You probably never heard of Doc Adams but that’s all right because a lot of people around modern baseball never have either. They are too busy with fancy analytics and esoteric statistics. That’s a shame, since without ol’ Doc, there would be a bushel full of base hits squirting between second and third base because he’s the man who invented the position of shortstop.
Unconcerned by today’s fascination with the exit velocity of the baseball, Doc Adams paid more attention to simpler issues like that gap between second and third base and the difficulty outfielders had relaying what in the 1850’s was a lightweight baseball. So Adams invented a solution, a player who would drift beyond the infield to make those throws from the outfield less demanding.
Nobody occupied that area of the diamond until Adams realized it would help the outfielders and, in the bargain, aid infielders defend a crucial piece of the diamond’s geography.
Smart cookie, this Adams fellow.
Equipped with degrees from Yale and Harvard, Daniel Lucius Adams set about a career in medicine in the 1830’s. But he was always intrigued by this new fangled game of baseball and played it for exercise. He joined the New York Knickerbockers and, during his 17 years with the team, played every position except pitcher and even served as an umpire. Later, he was pressed into service helping refine the rules of the sport, setting bases 90 feet apart, setting games at nine innings and teams at nine players. And that, by the way, would include a shortstop, something for which Cal Ripken Jr. and Derek Jeter would forever be grateful.
Cooperstown credits Alexander Cartwright with creating many of these foundations of the game. It says so, right on his Hall of Fame plaque. But while Cartwright was undoubtedly involved in its early development, he was not around when Doc Adams was codifying the rules by which the game is played.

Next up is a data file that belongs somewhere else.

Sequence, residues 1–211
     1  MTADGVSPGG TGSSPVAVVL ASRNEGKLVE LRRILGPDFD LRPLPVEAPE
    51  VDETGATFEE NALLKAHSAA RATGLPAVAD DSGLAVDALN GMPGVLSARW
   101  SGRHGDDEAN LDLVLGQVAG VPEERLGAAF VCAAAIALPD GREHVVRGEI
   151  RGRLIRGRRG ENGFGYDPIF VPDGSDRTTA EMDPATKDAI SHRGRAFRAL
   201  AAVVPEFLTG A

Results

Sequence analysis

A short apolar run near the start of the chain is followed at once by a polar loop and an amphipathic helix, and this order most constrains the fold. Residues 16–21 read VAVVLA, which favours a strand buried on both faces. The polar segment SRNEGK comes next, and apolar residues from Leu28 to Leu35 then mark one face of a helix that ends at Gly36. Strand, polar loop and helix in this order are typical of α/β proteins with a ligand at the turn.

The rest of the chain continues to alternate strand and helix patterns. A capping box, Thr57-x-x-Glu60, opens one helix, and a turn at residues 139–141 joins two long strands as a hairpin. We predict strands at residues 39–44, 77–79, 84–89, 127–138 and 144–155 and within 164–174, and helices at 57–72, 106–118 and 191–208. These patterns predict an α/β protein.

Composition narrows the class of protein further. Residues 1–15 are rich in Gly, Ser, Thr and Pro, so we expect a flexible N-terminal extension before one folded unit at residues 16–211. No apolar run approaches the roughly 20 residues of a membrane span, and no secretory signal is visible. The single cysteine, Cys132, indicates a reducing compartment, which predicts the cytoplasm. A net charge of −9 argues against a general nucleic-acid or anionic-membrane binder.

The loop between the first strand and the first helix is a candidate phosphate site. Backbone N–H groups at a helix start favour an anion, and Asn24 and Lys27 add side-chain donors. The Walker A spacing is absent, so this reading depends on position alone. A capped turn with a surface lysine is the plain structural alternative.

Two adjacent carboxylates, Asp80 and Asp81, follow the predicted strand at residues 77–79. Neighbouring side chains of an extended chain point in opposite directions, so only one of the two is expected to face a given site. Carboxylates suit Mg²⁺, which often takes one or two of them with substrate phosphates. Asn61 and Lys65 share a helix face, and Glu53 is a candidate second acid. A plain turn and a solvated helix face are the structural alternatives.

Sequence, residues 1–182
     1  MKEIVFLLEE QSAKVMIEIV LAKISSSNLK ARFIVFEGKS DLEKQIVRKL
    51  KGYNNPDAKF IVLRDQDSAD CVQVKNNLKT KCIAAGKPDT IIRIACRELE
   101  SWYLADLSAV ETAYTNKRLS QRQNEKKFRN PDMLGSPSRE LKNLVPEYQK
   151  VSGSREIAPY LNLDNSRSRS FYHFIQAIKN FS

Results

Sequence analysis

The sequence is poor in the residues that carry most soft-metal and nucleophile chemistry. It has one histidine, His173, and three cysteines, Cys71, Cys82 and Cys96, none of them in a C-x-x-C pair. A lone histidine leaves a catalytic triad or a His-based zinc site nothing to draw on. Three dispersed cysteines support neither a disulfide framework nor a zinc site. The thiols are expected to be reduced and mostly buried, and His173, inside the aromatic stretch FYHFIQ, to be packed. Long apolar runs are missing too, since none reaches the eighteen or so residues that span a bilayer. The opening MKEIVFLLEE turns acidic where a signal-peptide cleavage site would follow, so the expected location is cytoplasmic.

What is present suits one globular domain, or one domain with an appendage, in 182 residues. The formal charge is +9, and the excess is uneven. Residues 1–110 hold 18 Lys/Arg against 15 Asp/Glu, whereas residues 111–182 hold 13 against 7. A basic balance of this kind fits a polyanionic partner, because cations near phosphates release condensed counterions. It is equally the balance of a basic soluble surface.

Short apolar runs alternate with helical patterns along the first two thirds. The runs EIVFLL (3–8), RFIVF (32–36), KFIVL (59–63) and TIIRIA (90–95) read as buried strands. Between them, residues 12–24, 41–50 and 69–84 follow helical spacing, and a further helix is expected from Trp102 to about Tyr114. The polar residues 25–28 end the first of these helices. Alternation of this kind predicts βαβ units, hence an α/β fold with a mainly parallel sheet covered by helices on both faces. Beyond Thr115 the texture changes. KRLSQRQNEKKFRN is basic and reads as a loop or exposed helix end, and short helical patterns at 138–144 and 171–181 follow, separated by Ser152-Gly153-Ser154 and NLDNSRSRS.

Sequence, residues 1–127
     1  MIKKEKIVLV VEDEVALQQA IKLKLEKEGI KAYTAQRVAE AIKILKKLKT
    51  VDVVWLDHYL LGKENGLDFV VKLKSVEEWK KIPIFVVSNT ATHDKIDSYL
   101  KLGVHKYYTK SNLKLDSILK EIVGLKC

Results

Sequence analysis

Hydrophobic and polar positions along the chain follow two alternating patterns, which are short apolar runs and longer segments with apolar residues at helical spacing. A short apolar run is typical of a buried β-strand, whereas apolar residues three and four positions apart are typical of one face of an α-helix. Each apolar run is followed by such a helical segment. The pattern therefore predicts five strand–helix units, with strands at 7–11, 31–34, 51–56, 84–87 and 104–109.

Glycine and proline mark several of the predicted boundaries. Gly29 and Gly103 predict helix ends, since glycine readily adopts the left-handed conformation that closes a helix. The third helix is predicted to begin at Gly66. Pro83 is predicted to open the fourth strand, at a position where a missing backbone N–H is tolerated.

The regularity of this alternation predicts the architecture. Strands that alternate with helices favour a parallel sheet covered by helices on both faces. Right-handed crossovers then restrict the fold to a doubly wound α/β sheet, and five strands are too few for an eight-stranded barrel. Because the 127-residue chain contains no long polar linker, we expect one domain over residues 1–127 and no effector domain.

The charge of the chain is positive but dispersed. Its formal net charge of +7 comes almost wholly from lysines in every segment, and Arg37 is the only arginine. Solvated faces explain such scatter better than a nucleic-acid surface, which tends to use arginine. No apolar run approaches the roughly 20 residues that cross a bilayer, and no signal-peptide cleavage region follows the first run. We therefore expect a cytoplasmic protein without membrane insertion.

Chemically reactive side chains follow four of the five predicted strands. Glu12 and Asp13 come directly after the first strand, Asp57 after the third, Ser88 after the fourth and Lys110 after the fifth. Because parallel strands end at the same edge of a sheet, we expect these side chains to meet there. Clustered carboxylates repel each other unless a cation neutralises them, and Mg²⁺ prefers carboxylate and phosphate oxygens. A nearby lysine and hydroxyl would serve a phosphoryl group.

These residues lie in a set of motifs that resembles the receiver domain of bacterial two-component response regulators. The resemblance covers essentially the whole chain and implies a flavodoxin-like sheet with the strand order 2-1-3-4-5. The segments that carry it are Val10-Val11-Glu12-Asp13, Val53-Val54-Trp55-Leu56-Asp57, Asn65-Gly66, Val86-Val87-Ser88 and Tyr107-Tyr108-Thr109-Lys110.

In its early days, baseball defenses were rather rigid with as many as 11 players, but just three on the infield. The first baseman stood at first base, the second baseman at second base and the third baseman at third base. This left gaps for batters to seize upon, something that Adams realized. Put a defender there and it might help restrict the other team’s attack. So that’s what he did.
At first, the shortstop’s job was to relay the featherlike baseballs after outfielders retrieved hits. As baseballs evolved to a heavier weight, they became easier to throw, releasing the shortstop to concentrate on infield play.
Adams was something of a Renaissance man, involved with many aspects of our national game. He worked on the manufacture of baseballs and, as president and director of the Knickerbockers, helped refine the rules of the game.
In 1857, without any help from Alexander Cartwright, Doc Adams authored “The Laws of Baseball,’’ a document viewed as the bible of the game, that set many of the dimensions of the sport. The document is so revered among historians that it was sold at auction last year for $3.26 million.
Adams walked away from baseball in 1862, his imprint on the game permanently in place. Somehow, his contributions got lost in the annals of time until more thorough research into the origins of the game revealed how important he was to its development.
That led the Hall of Fame, keepers of baseball’s history, accurate or otherwise, to place his name on the Pre-Integration Era ballot for the first time in 2015. He received 10 votes from the 16-person panel, two short of election. His next chance at Cooperstown comes next year. It would help if Ripken and Jeter have votes.